Deloitte puts UK restructuring firm up for sale

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Deloitte has put its UK restructuring practice up for sale following concerns from senior executives that it has become too difficult to manage conflicts of interest, said two people familiar with the decision.

The “Big Four” accounting firm plans to approach potential buyers, including rival professional services groups and private equity firms, the sources said. The divestiture could also take the form of a management buyout.

The plans highlight the pressure on Deloitte and its bigger rivals PwC, EY and KPMG to deal with conflicts of interest after corporate failures and accounting scandals called into question the quality of their audits and the independence of their advice.

Last year, the Financial Reporting Council, which oversees the audit profession, introduced a “radical” update to its ethical standards for audit firms. It tightened the rules on the services the industry could provide to listed companies and financial institutions to strengthen auditor independence.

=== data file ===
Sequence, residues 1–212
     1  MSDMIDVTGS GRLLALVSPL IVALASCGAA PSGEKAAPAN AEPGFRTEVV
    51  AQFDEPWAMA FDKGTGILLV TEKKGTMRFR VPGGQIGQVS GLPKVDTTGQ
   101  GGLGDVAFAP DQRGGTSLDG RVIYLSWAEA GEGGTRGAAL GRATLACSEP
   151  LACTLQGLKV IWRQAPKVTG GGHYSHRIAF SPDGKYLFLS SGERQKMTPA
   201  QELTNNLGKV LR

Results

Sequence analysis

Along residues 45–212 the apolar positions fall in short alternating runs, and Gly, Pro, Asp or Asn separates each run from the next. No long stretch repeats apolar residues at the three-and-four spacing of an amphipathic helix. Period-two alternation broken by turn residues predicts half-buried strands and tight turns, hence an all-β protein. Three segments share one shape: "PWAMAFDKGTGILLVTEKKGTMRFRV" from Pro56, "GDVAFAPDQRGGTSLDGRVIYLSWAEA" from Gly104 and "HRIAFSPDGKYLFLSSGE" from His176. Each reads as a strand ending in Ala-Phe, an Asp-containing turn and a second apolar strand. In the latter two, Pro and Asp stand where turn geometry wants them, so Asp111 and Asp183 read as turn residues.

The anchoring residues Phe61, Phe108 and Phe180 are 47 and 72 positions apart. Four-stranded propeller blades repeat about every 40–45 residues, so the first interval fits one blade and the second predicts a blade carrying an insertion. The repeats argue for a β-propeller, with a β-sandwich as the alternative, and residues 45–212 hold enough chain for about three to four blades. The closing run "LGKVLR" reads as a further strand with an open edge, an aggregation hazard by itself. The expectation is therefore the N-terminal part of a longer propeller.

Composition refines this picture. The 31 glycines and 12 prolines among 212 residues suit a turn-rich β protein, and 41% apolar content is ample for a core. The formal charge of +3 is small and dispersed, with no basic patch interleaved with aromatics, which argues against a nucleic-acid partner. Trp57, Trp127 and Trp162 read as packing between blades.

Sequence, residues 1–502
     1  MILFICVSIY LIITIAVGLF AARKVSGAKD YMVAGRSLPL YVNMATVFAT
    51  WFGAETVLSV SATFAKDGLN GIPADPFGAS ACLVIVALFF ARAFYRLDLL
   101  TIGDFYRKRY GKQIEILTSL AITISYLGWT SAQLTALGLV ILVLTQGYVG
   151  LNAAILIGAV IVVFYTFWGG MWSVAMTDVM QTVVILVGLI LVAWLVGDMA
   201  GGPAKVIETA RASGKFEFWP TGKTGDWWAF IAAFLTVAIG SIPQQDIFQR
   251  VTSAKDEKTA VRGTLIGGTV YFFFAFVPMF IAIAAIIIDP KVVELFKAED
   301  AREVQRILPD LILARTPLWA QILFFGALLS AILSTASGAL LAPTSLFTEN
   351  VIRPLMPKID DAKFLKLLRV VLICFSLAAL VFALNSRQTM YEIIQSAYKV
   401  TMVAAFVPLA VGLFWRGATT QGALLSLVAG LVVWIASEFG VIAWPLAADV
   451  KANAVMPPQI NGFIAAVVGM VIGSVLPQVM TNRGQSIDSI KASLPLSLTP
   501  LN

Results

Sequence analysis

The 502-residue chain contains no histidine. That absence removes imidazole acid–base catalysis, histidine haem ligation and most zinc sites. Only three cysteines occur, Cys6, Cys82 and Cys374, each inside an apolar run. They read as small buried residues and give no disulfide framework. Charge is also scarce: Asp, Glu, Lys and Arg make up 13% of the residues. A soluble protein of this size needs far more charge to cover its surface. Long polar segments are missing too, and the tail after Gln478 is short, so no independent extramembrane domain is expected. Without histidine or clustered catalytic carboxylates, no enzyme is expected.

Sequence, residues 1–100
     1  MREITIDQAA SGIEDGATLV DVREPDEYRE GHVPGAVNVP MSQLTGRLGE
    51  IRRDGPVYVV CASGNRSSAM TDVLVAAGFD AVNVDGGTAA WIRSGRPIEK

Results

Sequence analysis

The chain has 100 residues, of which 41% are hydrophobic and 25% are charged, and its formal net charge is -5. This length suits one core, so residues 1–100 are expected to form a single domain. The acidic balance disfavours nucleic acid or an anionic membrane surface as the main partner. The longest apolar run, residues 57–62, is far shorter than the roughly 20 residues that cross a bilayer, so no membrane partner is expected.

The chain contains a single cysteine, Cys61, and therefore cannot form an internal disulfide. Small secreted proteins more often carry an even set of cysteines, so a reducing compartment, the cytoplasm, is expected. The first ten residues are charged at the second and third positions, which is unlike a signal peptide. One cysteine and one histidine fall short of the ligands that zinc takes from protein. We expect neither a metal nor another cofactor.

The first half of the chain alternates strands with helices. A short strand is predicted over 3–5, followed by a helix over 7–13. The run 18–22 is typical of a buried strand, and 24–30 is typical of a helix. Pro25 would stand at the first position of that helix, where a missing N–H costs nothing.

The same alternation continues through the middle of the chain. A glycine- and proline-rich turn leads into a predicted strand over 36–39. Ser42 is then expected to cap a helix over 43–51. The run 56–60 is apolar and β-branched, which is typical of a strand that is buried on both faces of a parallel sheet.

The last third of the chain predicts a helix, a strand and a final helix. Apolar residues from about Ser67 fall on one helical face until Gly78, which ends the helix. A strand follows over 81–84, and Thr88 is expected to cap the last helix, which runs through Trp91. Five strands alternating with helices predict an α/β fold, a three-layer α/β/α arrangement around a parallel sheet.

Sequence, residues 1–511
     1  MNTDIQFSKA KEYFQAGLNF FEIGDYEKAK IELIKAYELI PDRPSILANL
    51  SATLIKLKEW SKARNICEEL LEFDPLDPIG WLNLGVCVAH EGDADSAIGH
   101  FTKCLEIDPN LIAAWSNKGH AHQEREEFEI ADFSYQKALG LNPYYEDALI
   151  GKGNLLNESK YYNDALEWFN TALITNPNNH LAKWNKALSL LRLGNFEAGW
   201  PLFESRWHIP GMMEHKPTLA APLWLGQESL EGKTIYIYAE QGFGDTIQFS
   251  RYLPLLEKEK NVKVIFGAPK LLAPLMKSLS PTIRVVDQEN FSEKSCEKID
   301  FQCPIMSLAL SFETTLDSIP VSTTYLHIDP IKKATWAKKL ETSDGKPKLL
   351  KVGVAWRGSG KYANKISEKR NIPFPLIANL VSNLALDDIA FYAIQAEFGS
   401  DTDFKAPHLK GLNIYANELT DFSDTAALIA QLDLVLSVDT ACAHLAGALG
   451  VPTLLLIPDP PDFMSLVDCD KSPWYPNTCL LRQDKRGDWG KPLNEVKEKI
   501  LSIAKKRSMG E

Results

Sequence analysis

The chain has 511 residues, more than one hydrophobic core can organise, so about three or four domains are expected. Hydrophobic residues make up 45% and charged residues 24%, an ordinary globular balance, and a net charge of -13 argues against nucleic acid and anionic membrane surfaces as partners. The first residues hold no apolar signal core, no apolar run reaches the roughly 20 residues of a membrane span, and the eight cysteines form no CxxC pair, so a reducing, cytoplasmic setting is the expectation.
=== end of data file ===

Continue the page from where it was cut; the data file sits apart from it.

“It is becoming increasingly difficult for firms to accept new non-audit contracts as a result of new ethical standards,” said a person close to Deloitte. “There is a feeling that even if Deloitte Australia or Singapore takes on a new client, it could lead to audit independence issues in the UK.”

Deloitte declined to comment.

Earlier this year, Deloitte was penalized for lacking independence in its work on the insolvency of UK electronics retailer Comet. The Institute of Chartered Accountants in England and Wales fined the UK company £ 1million for failing to ensure it was objective in its role as a director of the collapsed company.

Deloitte’s attempt to sell its restructuring practice comes as the FRC ordered the Big Four to financially close their audit divisions in
2024, in order to eliminate the risk of conflict and improve
transparency of audit benefits and remuneration.

In response to this environment, KPMG sold its retirement advisory business in March for more than £ 200 million. The company has also had talks in recent years about a potential sale of its restructuring practice and in 2018 rejected an attempt to take over the division by private equity firm Permira.

A sale of Deloitte’s restructuring practice could net hundreds of millions of pounds at a time when the company’s overall revenues suffered from an expense impact during the coronavirus crisis. Each of the
the big four companies cut monthly profit payments to partners
in order to preserve liquidity since the outbreak of the pandemic.

Deloitte’s restructuring unit employs around 350 people and 20
the partners. It benefited from a resumption of restructuring work and
corporate insolvencies among businesses affected by the economic fallout from the coronavirus and government-imposed lockdowns. The company has been appointed director of UK retailers Oasis and Warehouse.

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